Plant physiology: A tale of three proteins
LMU biologists have shown that "supervisor" and "motivator" proteins are required to enable a third factor to perform its function in photosynthesis.
Plants, algae and cyanobacteria need only three ingredients for the synthesis of sugars via the process of photosynthesis—carbon dioxide, water and sunlight. However, the operation is far more complicated than this simple list of ingredients might suggest. Prof. Dr. Dario Leister and research group in the Department of Biology I at LMU are analyzing the complex regulation of photosynthesis. Their latest findings shed light on the roles of three proteins, named PGRL1, PGRL2 and PGR5, which participate in the control of one of the two subsystems of the photosynthetic apparatus. PGRL2 itself was first discovered in the course of the new study.
Photosynthesis involves several coordinated sequences of reactions. In the first step, a specific portion of the electromagnetic radiation emitted by the Sun is absorbed by membrane-bound pigment-protein complexes, which are organized into two "photosystems" called PSI and PSII. The photosystems operate in two basic modes—linear and cyclic. In the former, PSII and PSI act in series. Light energy detaches electrons from water molecules, generating hydrogen ions (protons) and molecular oxygen. The protons are pumped to the opposite side of the membrane, while the electrons are transferred sequentially from one complex to the next, gaining in energy in the process. Ultimately, this energy is stored in the form of ATP, which drives most of the biochemical transactions in cells. Linear electron flow (LEF) through PSI also supplies the "reducing equivalents" required for the conversion of carbon dioxide into sugars.
The second mode of photosynthesis involves only photosystem I. Here, the electrons energized by solar radiation are diverted by other proteins, such that they follow a cyclic route. Notably, this cyclic electron flow (CEF) through PSI generates ATP only. "Plants need both subsystems," Leister points out. The cyclic pathway is particularly significant when plants are under stress, and need more ATP. Indeed, without this mechanism plants could not survive under natural conditions.
One worker, one motivator, one supervisor
How is the cyclic pathway regulated? About 20 years ago, Japanese researchers set out to characterize a collection of mutants of Arabidopsis thaliana (thale cress), a popular model system used by plant geneticists. In one of these strains, a gene they called PGR5 was mutated. "PGR" stands for "proton gradient," and refers to the proton concentration gradient created by the transfer of protons across the membrane during the course of photosynthesis. In the mutant, formation of the gradient was perturbed. "To our surprise, the PGR5 protein had none of the sequences that one would expect to find in a typical electron transporter," says Leister. This soon gave rise to the idea that other factors must also be involved in the maintenance of the proton gradient.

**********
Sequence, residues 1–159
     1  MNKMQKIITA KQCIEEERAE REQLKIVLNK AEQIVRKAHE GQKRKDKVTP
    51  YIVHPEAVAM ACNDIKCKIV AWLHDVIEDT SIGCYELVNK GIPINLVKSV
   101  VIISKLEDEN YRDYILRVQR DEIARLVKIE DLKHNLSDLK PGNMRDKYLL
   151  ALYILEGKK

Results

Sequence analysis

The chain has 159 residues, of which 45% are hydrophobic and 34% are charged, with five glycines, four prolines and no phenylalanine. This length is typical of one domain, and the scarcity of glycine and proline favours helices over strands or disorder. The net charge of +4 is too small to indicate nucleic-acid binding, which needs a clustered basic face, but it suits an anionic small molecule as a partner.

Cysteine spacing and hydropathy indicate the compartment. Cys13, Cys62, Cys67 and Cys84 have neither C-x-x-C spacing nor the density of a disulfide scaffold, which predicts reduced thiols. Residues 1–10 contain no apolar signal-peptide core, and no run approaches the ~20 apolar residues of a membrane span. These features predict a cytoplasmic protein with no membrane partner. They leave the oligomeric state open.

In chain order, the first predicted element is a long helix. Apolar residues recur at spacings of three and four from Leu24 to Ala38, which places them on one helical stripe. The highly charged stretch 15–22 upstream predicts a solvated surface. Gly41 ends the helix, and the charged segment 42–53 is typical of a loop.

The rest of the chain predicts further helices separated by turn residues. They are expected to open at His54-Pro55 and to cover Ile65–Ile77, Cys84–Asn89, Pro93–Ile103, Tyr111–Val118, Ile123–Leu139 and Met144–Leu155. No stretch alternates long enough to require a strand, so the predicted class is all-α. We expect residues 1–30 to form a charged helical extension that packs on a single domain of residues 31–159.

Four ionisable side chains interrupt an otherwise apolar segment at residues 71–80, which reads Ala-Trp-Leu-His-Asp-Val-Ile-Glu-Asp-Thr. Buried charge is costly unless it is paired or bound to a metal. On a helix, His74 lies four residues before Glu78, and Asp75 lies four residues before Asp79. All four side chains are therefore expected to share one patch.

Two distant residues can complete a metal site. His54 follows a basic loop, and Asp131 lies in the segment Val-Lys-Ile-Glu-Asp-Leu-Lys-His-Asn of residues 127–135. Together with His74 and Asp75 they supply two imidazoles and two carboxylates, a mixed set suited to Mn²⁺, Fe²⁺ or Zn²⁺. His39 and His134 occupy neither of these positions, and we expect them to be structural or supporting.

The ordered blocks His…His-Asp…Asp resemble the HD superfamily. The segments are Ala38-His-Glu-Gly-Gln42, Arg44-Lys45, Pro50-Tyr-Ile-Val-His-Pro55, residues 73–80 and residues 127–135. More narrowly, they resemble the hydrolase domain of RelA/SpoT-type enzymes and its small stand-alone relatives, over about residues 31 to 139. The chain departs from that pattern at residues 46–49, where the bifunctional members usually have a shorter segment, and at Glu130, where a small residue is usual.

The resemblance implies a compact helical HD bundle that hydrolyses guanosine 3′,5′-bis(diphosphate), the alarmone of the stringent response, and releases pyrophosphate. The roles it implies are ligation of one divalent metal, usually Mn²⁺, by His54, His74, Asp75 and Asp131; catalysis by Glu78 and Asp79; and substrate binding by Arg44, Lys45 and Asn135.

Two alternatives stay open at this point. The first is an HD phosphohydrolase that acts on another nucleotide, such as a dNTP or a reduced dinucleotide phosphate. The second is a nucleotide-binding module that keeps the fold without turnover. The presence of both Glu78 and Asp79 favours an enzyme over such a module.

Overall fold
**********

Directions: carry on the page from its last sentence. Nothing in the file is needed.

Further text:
Experiments carried out by Leister in 2008 confirmed this suspicion. He discovered a second protein, which he called "pgr5-like 1" (PGRL1). Arabidopsis has two different genes that code for this factor, which explains why it did not turn up in the original mutant screen in which the PGR5 gene was identified. "At the time, we thought we had now had our hands on the really important protein," he recalls. Inactivation of either PGRL1 or PGR5 reduces cyclic electron flow around photosystem. Furthermore, loss of PGRL1 destabilizes PGR5, but not vice versa. So it looked as if PGRL1 was a central component of the cyclic mode of photosynthesis. Moreover, this notion was supported by the fact that it contains the structural elements one would expect to find in an electron transporter.
But the regulation of cyclic electron flow later turned out to be more complex than that. Leister and his colleagues went on to identify PGRL2 as a third protein involved—and its discovery complicated matters significantly. The team showed that when PGRL2 was knocked out, photosynthesis was not affected. Conversely, overproduction of PGRL2 destabilized PGR5, even in the presence of PGRL1. The big surprise came when PGRL1 and PGRL2 were simultaneously inactivated: PGR5 reappeared and was able on its own to restore cyclic electron transport. Interestingly, these plants grew more slowly than those in which PGR5 (and cyclic electron transport) were missing. Leister offers an instructive interpretation of these findings. "PGR5 actually does the job, PGRL1 acts as a motivator of PGR5, and PGRL2 is PGR5's supervisor. In the absence of its motivator, PGR5 is inactive. In the absence of its supervisor, it works quite well. But when motivator and supervisor are both missing, PGR5 becomes hyperactive, and ultimately destructive.
Leister's team now plans to elucidate the biochemical mechanisms that underlie these behaviors—using cyanobacteria, which are genetically much simpler than Arabidopsis, as a model system.